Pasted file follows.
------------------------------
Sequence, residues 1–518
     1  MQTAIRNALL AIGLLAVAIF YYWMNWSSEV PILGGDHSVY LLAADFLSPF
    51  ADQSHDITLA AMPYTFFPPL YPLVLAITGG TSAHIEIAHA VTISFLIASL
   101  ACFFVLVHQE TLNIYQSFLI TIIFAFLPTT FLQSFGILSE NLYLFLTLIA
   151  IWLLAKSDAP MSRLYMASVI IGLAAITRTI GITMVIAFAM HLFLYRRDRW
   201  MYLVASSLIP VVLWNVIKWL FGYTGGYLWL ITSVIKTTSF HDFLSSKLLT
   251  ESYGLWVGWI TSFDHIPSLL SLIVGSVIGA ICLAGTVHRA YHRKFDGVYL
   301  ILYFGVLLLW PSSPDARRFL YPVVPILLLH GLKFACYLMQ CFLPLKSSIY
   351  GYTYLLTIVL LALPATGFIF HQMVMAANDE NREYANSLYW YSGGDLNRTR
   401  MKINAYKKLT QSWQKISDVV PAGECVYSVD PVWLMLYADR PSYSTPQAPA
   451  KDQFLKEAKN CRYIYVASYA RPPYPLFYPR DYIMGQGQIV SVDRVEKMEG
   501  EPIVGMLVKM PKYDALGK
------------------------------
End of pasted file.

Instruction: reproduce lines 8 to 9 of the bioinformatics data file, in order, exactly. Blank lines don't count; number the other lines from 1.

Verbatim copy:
   301  ILYFGVLLLW PSSPDARRFL YPVVPILLLH GLKFACYLMQ CFLPLKSSIY
   351  GYTYLLTIVL LALPATGFIF HQMVMAANDE NREYANSLYW YSGGDLNRTR